Hearing aids are electronic devices worn in or behind the ears of hearing-impaired individuals to amplify sounds based on one’s specific hearing loss. They aid with understanding speech in face-to-face conversations, in restaurants, on the phone and while watching television; however, they will not fully restore hearing. Hearing aids are beneficial when hearing loss affects communication and quality of life. They are also versatile and able to be used in various listening environments.
Hearing aids consist of three main parts that function together to make sound louder:
- A microphone picks up sound.
- An amplifier/processor amplifies and filters the sound.
- A receiver/speaker delivers the amplified sound into the ear canal.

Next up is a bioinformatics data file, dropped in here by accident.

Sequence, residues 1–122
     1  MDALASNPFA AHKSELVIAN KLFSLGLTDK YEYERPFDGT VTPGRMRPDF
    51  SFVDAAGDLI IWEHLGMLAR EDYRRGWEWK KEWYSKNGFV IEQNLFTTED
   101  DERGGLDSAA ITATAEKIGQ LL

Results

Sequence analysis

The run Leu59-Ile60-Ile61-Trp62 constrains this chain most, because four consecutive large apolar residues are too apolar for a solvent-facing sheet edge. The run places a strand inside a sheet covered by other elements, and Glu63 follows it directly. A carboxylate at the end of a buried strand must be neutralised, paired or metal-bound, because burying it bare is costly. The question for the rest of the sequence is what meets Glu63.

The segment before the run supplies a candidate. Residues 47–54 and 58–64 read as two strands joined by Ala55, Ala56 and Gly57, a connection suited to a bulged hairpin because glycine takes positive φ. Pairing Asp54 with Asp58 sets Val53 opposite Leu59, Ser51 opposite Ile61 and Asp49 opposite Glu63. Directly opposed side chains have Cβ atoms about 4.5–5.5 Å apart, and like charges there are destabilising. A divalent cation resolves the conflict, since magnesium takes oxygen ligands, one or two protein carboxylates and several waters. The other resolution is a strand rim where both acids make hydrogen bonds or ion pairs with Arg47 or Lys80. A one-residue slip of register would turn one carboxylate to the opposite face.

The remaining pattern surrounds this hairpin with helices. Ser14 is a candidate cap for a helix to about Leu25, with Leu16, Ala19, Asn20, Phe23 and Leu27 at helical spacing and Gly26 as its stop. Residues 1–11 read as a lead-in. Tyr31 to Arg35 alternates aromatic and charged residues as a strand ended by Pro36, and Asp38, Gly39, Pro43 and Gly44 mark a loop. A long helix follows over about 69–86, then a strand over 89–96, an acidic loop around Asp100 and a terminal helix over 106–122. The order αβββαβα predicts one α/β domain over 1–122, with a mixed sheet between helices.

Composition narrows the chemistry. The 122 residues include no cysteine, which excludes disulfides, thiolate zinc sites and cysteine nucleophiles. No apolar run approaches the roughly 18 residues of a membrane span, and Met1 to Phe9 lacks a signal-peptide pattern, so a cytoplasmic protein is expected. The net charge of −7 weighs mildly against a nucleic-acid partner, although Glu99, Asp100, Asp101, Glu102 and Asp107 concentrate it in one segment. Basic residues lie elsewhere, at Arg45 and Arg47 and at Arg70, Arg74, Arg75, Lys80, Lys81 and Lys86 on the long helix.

Available Hearing Aid Styles
- Behind-The-Ear (BTE)
- Receiver-In-Canal (RIC)
- In-The-Ear (ITE)
- In-The-Canal (ITC)
- Completely-In-Canal (CIC)
- Invisible-In-Canal (IIC)
How to Obtain a Hearing Aid
To obtain a hearing aid, you will need:
- A comprehensive audiological evaluation within the last six months.
- Medical clearance from a physician, preferably an otolaryngologist (ENT specialist).
- A one-hour hearing aid evaluation to discuss:
- Hearing loss, needs and lifestyle.
- Hearing aid technology and styles.
After a hearing aid has been dispensed, follow-up visits may be needed to fine-tune the device. All Weill Cornell Medicine hearing aid patients work with an audiologist for best personal outcome and benefit.